• Tom said on 19th May 2009, 13:35

      ajokay, just go to a race and look at the crowd. all you’ll see anywhere is red. with yellow and horses of course (cause almost all teams are red now).

    • ajokay

      The biggest F1 fan base is for Ferrari, possibly the majority of fans. Many (but not all) watch F1 because of Ferrari which is something that benefits all areas of F1 including other teams with regards to revenue gained from sponsorship and advertising. F1 also trades on it’s history and Ferrari’s participation validates this by invoking it’s place at the sports inception.

      Ferrari, McLaren and others, all have been guilty of cheating, a veto on the technical regulations by itself is not really that much of an advantage if any and now Ferrari’s veto is being used in favour of at least 4 other teams.

      You might like to consider this:

      If Ferrari have a veto who gave it to them, who allowed them to have it and should they be allowed to run F1?

      If the other teams were offered a veto how many would turn it down?

      Do any other teams have a veto?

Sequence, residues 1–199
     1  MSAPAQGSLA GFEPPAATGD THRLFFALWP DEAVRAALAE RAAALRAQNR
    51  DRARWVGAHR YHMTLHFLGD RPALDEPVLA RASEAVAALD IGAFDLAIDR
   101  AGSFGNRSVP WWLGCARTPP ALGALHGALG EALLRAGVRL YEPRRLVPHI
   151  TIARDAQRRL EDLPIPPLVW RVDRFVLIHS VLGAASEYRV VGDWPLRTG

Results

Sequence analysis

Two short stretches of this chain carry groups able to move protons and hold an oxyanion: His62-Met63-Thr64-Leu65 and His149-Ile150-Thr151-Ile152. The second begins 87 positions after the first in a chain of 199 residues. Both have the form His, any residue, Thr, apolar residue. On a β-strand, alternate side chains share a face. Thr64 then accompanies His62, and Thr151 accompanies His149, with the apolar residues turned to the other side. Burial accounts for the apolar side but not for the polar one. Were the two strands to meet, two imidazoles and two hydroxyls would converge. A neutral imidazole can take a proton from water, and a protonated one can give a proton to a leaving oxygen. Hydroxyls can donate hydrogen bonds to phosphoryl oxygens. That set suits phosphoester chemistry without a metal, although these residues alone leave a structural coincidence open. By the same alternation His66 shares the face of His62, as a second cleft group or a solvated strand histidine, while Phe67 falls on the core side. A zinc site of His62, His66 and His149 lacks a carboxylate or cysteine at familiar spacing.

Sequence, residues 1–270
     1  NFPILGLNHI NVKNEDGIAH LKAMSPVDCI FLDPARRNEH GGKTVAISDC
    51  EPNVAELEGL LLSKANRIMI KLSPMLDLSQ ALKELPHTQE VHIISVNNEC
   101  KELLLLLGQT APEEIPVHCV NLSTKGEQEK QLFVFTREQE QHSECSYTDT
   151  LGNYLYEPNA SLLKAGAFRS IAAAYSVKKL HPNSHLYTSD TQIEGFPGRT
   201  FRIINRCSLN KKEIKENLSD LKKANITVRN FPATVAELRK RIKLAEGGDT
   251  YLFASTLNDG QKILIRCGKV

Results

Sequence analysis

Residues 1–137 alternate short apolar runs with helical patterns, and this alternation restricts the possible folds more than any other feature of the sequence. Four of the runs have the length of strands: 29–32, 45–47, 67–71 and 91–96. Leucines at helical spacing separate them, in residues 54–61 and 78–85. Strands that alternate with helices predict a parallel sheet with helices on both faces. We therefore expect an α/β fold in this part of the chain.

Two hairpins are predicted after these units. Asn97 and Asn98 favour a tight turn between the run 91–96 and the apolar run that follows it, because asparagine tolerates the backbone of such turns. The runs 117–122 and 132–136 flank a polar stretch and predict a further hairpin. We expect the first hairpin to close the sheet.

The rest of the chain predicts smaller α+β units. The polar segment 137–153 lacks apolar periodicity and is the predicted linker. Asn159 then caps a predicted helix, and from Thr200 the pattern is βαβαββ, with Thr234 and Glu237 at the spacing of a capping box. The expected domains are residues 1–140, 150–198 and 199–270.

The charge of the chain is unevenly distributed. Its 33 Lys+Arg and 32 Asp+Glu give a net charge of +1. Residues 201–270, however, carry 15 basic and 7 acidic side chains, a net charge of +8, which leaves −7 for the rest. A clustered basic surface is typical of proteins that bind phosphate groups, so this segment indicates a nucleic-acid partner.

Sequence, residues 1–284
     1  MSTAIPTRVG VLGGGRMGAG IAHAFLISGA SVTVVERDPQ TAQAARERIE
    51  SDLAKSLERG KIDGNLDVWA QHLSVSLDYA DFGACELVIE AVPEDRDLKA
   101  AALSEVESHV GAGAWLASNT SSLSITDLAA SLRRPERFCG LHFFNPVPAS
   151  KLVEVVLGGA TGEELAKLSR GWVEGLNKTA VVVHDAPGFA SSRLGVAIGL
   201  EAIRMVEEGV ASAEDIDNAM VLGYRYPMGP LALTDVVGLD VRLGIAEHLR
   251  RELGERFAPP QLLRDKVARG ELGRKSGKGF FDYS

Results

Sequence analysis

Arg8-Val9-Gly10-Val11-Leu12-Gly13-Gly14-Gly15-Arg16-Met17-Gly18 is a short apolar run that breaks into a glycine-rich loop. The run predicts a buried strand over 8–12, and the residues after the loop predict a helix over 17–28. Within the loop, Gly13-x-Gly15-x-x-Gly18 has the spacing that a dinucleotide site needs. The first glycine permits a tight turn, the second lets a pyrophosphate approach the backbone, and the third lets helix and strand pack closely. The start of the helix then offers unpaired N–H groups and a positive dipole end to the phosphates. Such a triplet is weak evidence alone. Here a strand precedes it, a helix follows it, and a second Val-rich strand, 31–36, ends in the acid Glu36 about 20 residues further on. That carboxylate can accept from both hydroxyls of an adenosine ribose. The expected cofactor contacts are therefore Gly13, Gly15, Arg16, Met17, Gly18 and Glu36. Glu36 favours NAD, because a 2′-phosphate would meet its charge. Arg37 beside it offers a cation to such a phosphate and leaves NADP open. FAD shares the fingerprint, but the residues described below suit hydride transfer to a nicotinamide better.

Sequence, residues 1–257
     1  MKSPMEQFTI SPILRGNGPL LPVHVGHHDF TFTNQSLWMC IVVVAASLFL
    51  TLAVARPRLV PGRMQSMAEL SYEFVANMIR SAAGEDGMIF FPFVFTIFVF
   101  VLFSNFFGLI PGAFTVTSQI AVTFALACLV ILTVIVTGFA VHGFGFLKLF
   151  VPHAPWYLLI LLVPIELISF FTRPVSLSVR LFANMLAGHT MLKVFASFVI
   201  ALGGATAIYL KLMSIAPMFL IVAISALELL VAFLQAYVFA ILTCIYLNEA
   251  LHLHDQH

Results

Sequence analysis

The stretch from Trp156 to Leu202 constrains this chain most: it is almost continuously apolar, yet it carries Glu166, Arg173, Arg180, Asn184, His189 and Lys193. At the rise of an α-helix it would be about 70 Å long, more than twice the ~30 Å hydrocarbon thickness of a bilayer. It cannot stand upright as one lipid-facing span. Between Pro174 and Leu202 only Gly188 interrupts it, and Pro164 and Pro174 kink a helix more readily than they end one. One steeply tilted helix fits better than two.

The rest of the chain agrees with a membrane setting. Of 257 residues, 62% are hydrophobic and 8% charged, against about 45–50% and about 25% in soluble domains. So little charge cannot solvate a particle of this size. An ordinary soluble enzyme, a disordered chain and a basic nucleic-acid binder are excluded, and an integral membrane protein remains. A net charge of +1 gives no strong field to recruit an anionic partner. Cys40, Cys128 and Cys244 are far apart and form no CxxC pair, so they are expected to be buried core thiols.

• Nefer said on 20th May 2009, 11:06

      F1 without Ferrari simply isn’t F1. Even Bernie Ecclestone says Ferrari is F1 and F1 is Ferrari.

      I am not a Ferrari fan, but who wouldn’t want to own one!? Ferrari = motor racing, thrills, excitement, glamorous girls, controversy = F1. :-)

  3. Kutigz said on 19th May 2009, 11:14

    Its been really upsetting since knowing that Ferrari (the most dominant F1 team for the last decade) had owned a veto power on techs regulations.
    It just means tech regulations churned out by the FiA year-in year-out would have had to settle & fit in with the Scuderia team prior to its release!
    What an awful shame!

    • persempre said on 19th May 2009, 12:02

      If you look back, even across the Schumacher years there were times when the rule changes did not favour Ferrari. Changes to qualifying, points & various technical regulations were actually brought in to try to bring their domination to an end.
      Historically, Enzo Ferrari knew the importance of his team to the sport. Why do you think he used to threaten (& sometimes actually carry it through) not to attend races & why do you think the CA includes the clause that all teams must attend?
      Ferrari`s importance to the sport has been known for many, many years & the sport has recognised it in different ways.
      The F1 that everyone gets nostalgic over was no different in that respect to the F1 today.
      So why all the current outrage as though it`s something new?

  4. Arun Srini said on 19th May 2009, 11:16